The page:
One thing has become clear from the last two years: Wellbeing is a predicate for productivity and prosperity. Covid, like no other disease before it, has demonstrated to us how intricately public health is linked to the global economy.
This lesson has put the spotlight on the healthcare industry in a whole new way, with investors, governments and institutions focused on the vital importance of delivering effective solutions now and for our shared future. In Greece, the potential of the country’s life sciences sector is enormous. And with foreign investors already active in everything from pharmaceuticals to medical services, from MedTech to R&D, the country has the ability to exploit this potential. The only thing missing is a strategy.
Greece is already a regional hub for pharmaceutical production: each year the roughly one hundred pharmaceutical companies in Greece export some €3 billion in medicines, mostly to neighboring markets in Southeast Europe and the Eastern Mediterranean. The country is the site of international clinical trials, boasts one of the leading and award-winning diagnostic labs in the region, hosts several research centers and has one of the highest ratios of medical professionals and doctors worldwide. It is also one of six European logistics hubs for distributing medical supplies.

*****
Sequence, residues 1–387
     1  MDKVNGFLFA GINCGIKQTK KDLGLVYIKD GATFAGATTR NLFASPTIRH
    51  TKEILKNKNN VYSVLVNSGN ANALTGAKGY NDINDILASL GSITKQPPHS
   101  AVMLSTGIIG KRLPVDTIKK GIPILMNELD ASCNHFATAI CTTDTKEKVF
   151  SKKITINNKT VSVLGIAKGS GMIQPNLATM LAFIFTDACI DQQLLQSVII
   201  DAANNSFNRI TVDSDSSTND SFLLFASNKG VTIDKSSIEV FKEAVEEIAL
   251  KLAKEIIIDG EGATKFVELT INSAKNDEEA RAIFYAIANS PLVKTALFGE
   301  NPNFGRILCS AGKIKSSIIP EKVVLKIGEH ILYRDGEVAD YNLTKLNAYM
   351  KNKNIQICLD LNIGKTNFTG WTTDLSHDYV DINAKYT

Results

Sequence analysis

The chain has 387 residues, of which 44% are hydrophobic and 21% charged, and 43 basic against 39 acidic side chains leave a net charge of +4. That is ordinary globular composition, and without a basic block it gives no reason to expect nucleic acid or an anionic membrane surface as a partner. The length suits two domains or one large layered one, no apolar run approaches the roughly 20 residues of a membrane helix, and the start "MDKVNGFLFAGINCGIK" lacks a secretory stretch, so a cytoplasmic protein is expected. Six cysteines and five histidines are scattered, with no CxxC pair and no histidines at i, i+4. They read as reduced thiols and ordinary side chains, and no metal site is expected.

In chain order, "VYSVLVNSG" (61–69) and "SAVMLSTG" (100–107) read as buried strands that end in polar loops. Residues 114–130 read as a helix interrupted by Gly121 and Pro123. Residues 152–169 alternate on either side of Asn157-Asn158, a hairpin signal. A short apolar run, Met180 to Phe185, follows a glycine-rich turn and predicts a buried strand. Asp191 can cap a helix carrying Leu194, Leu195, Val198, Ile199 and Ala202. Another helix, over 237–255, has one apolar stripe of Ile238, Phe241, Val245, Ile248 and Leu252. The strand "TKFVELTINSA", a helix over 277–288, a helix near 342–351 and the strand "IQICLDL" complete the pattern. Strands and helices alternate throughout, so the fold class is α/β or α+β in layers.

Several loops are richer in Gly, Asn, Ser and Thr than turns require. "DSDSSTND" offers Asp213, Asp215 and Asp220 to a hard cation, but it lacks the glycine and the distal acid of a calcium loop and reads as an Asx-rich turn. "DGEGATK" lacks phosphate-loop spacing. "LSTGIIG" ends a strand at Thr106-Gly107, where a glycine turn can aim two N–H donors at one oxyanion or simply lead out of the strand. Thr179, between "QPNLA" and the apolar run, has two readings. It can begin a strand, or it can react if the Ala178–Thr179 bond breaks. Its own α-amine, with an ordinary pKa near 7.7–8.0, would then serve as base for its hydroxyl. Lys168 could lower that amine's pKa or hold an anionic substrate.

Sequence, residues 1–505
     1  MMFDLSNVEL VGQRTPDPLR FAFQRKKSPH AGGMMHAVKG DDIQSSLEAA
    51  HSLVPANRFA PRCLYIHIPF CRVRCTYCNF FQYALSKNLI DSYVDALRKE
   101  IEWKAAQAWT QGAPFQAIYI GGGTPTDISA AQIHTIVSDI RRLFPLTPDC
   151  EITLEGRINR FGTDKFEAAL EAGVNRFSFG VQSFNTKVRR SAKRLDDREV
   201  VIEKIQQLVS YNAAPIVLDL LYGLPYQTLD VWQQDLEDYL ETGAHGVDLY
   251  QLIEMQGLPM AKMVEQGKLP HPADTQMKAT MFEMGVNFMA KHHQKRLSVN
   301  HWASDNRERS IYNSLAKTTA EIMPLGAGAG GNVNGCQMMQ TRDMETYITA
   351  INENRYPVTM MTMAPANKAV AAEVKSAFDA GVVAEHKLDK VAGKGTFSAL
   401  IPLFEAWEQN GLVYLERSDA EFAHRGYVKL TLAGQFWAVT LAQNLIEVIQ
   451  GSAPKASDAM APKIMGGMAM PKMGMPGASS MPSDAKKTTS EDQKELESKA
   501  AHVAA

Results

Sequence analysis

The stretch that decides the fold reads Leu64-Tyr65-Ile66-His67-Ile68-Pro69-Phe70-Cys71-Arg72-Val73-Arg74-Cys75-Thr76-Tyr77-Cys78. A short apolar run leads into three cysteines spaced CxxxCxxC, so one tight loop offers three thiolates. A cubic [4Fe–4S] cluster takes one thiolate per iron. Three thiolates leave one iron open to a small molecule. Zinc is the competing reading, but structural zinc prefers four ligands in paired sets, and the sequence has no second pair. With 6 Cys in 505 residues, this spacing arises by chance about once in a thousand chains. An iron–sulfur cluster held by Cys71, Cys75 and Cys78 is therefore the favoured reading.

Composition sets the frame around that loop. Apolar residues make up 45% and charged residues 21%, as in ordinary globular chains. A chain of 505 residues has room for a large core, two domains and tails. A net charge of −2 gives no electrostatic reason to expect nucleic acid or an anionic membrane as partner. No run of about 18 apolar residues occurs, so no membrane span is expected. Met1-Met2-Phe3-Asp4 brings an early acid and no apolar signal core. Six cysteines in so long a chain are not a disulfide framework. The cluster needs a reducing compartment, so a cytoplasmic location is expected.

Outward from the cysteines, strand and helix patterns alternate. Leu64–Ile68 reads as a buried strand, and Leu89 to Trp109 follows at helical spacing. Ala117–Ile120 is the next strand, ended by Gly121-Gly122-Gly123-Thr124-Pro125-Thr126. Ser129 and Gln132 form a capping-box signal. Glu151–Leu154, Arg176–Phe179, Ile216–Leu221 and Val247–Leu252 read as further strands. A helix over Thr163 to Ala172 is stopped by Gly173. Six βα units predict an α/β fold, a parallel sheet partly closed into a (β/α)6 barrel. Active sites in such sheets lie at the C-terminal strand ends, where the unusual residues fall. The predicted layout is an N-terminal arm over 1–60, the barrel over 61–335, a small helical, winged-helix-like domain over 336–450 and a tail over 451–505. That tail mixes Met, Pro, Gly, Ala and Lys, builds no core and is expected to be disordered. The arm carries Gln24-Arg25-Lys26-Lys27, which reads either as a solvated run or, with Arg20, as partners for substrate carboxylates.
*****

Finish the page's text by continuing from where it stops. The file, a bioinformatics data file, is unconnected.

In the past few years, the private sector has honed in on the potential of Greece’s life sciences sector. International pharmaceutical giant Pfizer has established two global hubs in Greece, one for R&D, and the other to provide business and support services to the company’s clients worldwide. A new biotech science park is being planned near Athens and several international drug companies – like Germany’s Boehringer Ingelheim – have invested heavily in their Greek production facilities with an eye to exporting more.
At the same time, the prospects for Greece’s health and life sciences sector extend far beyond pharmaceuticals. Life sciences tech companies represent one-third of Greek start-ups, while major international investors – most notably the giant private equity fund CVC – have been investing in Greek hospitals and medical centers: the fund now controls three of Greece’s leading private hospital groups. Other private investors have taken a stake in one of Greece’s leading diagnostic centers.
Recently, Greece has also taken steps to attract retirees and medical tourists, orienting itself more toward Europe’s €4 trillion Silver Economy. The medical and pharmaceutical infrastructure exists, and Greece offers general wellness: a mild climate and natural springs, healthy living and a quality lifestyle, the world famous Mediterranean diet and the notable longevity of the Greeks.
Taking all these points together – and drawing on the lessons of the coronavirus pandemic –Greece is poised to become a regional leader, and potentially a world leader, in the health and life sciences sector. What’s needed is a cohesive national strategy.
In late 2020, the Greek government put together a special committee to do just that. So now it’s time to translate plans into action. How to do that, with insight from health industry business leaders, is something we’ll be looking at this July at the InvestGR Forum. Because, as we learned from the coronavirus pandemic, health and wellbeing are the foundation of humanity’s − and Greece’s − future prosperity.
Andreas Yannopoulos is the CEO of Public Affairs and Networks and Founder of the InvestGR Forum.